Also available on Xbox 360
Review written by Stephen Deck; originally published 12/13/2021 on Teacher by Day, Gamer by Night
I’ve had Guardian Heroes downloaded on my Xbox 360 for a while. I’d played a little bit of the original Saturn release in the past, and I just finished one playthrough on Xbox 360 with my friend Colin, so I’m going to be doing a bit of a comparison between the original release and the remaster here. It’s a rather unique game that often feels like it doesn’t know exactly what it wants to be, but somehow that plays into making an extremely enjoyable co-op experience.
So the game starts out with a group of mercenaries who have just found some ancient magic sword after being hired by a group rebelling against an evil kingdom. The kingdom immediately attacks, and as the mercenaries are trying to escape, the magic sword summons a giant golden skeleton warrior who, despite looking like a super hard boss, ends up being a commendable ally who saves the group. From there, there are a ton of branching paths that you can take that affect some of the details of the story and character interactions that you see. There are several different endings that gives the otherwise roughly one-hour game a ton of replayability. The fact that you can play this co-op (and online if you have it on Xbox) makes this a fantastic feature.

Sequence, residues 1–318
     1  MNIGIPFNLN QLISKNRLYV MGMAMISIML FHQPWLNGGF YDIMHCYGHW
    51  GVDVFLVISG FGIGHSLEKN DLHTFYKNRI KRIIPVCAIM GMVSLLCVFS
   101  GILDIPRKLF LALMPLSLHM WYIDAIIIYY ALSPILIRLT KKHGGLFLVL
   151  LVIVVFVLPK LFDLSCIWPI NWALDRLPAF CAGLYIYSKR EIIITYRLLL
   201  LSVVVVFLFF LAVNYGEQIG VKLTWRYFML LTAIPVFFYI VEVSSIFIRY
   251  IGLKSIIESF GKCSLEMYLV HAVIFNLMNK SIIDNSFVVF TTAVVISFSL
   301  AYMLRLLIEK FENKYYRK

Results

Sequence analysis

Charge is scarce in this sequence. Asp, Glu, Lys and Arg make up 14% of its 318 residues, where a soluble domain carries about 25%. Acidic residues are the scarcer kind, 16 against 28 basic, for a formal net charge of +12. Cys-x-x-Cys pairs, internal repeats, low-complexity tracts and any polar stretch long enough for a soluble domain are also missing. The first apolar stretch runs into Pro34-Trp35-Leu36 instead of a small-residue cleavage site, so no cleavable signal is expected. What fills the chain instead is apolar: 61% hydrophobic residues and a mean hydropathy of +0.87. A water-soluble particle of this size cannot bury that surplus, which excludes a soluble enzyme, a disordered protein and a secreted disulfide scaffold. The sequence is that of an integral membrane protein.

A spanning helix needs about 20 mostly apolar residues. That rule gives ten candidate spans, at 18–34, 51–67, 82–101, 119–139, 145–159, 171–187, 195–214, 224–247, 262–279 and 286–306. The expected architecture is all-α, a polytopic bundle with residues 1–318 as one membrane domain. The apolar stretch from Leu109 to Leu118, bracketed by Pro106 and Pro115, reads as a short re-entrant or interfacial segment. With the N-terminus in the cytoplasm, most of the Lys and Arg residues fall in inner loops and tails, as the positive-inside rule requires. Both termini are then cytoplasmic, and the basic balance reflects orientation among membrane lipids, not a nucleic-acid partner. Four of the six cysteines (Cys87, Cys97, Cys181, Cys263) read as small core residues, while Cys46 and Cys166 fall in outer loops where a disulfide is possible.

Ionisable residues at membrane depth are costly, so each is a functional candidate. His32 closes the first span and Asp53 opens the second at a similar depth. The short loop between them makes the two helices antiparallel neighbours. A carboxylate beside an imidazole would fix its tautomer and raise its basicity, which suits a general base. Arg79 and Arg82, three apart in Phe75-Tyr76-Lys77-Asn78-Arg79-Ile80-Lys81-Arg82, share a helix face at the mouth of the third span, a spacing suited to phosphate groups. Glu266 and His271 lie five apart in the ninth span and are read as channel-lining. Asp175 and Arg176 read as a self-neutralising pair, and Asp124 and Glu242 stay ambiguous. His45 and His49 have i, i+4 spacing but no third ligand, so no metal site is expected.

The gameplay is like a bizarre amalgamation of beat ‘em up, RPG, and arcade games. The core gameplay is that of an arcade beat ‘em up like Turtles in Time or The Simpsons Arcade complete with a credit system at the top (despite having never been released in arcades), but as you defeat enemies, your chosen character gains levels, and after each segment, you get skill points that you can distribute to various stats to power up your character. Most games that don’t feel like they know what they want to be end up doing nothing well and just being mediocre at best, but for some reason, it works extremely well for Guardian Heroes, and the end product is extremely enjoyable.
The game plays and looks great, but it’s not perfect. The dialogue is painfully 90s, for example, and has aged extremely poorly. It might have seemed funny in a juvenile 1990s way, but in the 2020s, it’s just bad. The visuals, however, are top-notch, and the pseudo-3D movement style of the game with distinct horizontal planes between which you can hop has an extremely fluid feel once you get a feel for the controls.
As Colin said during our playthrough, this is the kind of game that’s only obscure because it was on the Saturn; if this had been a Playstation game, it would be remembered extremely fondly. It’s fun solo, but it’s a truly great experience co-op. With its availability on Xbox 360 and, via Xbox backward compatibility emulation, Xbox One and Series X, everyone with any fondness whatsoever for 90s beat ‘em ups should give this game a shot.